Snap's (SNAP - Get Report) quarterly earnings report may have left Wall Street feeling disappointed last week, but the results didn't scare off all of its investors. A series of recent regulatory filings show that top institutional investors took a stake in the social media upstart in the fiscal first quarter, displaying a vote of confidence in a company that has had more than its share of ups and downs since going public in early March.
Snap shares closed up 8.3% to $20.74 on Monday, marking the stock's third-best trading day since its initial public offering on March 2, as well as a sharp reversal from when it fell almost 23% on Thursday following its first-quarter earnings report. The stock is still down more than 16% so far this year, however.
SEC filings made public on Friday disclosed that big hedge funds purchased shares of Snap, including: Dan Loeb's Third Point LLC, who bought 2.25 million shares of the stock; David Tepper's Appaloosa Management bought 100,000 shares; Daniel Och's Och-Ziff Capital Management held one million shares; Citadel Advisors also bought shares of Snap during the quarter. Additionally, BlackRock (BLK - Get Report) , T Rowe Price (TROW - Get Report) , Vanguard and Fidelity Management & Research, were among the leading investment firms who disclosed they own a stake in Snap.
The disclosures come as the parent company of Snapchat continues to face criticism from an onslaught of Wall Street bears who believe Snap's lofty valuation, slowing user growth and failure to turn a profit can't be overlooked. Snap, which lost $2.21 billion during its first quarter as a public company, has also been going head to head with Facebook (FB - Get Report) . The social networking giant has been rolling out more and more Stories-like features that threaten to pull users off of Snap's disappearing messaging app and toward Instagram and the core Facebook platform.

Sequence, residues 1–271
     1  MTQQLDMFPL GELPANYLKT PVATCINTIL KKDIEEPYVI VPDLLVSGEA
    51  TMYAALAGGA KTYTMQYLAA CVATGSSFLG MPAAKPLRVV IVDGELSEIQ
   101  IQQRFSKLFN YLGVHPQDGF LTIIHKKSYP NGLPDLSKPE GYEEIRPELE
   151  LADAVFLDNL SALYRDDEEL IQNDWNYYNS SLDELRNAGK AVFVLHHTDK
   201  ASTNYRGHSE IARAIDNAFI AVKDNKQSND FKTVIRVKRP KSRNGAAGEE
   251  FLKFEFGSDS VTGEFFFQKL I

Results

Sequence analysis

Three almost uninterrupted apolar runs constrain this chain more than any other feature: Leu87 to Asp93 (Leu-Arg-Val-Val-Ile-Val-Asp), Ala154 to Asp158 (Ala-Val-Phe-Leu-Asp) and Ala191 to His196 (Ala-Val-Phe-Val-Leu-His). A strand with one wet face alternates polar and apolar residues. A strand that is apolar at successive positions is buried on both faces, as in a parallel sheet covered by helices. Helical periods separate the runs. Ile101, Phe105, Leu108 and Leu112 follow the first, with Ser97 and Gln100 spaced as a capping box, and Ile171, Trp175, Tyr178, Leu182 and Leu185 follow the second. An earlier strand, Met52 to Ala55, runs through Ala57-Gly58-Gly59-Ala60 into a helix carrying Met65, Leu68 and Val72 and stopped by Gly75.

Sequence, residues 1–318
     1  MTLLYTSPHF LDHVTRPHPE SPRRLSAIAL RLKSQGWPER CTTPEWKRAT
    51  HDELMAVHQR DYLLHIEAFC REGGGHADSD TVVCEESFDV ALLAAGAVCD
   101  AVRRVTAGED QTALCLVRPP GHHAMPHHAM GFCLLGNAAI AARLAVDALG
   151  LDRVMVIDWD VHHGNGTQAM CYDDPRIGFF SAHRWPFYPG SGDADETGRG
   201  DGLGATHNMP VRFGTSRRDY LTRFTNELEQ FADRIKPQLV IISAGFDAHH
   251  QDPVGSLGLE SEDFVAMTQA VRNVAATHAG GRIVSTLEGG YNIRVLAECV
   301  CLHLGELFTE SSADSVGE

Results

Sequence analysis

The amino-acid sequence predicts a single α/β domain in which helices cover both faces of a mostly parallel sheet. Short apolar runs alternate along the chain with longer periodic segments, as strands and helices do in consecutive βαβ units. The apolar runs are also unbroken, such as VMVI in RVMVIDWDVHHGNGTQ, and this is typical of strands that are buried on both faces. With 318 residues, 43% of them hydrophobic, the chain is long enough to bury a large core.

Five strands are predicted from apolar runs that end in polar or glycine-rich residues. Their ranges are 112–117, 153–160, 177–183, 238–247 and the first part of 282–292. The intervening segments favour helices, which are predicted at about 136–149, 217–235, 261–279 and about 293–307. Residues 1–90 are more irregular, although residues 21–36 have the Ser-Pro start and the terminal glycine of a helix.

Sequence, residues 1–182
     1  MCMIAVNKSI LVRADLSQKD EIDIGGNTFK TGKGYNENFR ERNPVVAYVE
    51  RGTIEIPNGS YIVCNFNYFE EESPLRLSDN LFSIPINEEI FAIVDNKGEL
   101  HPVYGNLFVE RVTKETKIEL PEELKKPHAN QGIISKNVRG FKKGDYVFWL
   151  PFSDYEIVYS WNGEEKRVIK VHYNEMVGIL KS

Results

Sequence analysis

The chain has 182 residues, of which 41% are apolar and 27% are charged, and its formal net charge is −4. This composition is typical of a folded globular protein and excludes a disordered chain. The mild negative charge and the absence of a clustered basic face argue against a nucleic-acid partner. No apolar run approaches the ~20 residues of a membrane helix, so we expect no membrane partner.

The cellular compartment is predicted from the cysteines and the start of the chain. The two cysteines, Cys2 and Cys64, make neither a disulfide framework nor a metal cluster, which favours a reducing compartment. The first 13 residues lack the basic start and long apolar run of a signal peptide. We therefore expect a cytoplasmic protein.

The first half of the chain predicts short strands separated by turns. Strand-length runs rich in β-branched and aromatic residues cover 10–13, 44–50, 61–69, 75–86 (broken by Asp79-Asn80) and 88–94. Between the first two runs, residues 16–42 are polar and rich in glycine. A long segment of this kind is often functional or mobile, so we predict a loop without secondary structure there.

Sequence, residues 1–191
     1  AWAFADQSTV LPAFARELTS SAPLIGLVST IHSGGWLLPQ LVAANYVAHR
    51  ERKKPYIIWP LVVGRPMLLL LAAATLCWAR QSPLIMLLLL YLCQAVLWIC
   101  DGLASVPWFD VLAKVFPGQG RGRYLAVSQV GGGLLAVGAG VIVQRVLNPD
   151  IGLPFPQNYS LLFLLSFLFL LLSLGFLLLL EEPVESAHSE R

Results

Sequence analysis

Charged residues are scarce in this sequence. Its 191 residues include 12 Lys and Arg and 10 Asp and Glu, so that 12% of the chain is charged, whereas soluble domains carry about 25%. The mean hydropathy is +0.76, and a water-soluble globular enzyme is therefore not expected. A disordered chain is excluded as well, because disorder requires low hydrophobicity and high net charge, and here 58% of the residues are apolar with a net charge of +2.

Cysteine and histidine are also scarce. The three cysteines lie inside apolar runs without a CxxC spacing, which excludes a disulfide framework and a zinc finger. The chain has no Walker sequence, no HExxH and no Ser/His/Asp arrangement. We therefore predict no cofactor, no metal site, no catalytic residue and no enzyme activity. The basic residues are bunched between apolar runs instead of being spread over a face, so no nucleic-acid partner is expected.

Snap CEO Evan Spiegel addressed the rivalry during the company's first earnings call, where he reiterated his view that Snap can out-innovate the competition. The company on Monday introduced several new advertising features to Snapchat that are meant to increase user engagement with brands, as well as open up more opportunities for small brands to buy ads on the platform. Sponsored world lenses superimpose augmented reality-based graphics and animations onto Snaps, accompanied by an advertisement. The first partnership is with Warner Bros. and MGM's (MGMB) new teen romance movie Everything, Everything, which places moving scribbles of a sun, clouds and flowers over users' videos, according to Bloomberg. Netflix (NFLX - Get Report) also plans to create a lens.
Targeted lenses, another new feature, builds on the promotional lenses tool but allows smaller advertisers to purchase campaigns that are cheaper than its national deals, which can range in price from $300,000 to $700,000 per campaign, Bloomberg reports. A third tool lets users add more specific location-based geofilters to promotional lenses.
The new features show that Snap is making good on its promise to deliver creative tools for both users and advertisers, but it remains to be seen whether this will hold off Facebook for long. A new report from app analytics company Sensor Tower showed that app downloads of Snapchat in April dropped to 21.1 million, a 16% decline year-over-year worldwide, both on Apple's (AAPL - Get Report) App Store and Alphabet's (GOOGL - Get Report) Google Play. Facebook's Instagram, meanwhile, saw its app downloads jump to 26.1 million during the period, marking a 19% increase compared to the same month last year, according to the report published on Friday.
The data also showed a continued slow in downloads of Snapchat heading into May.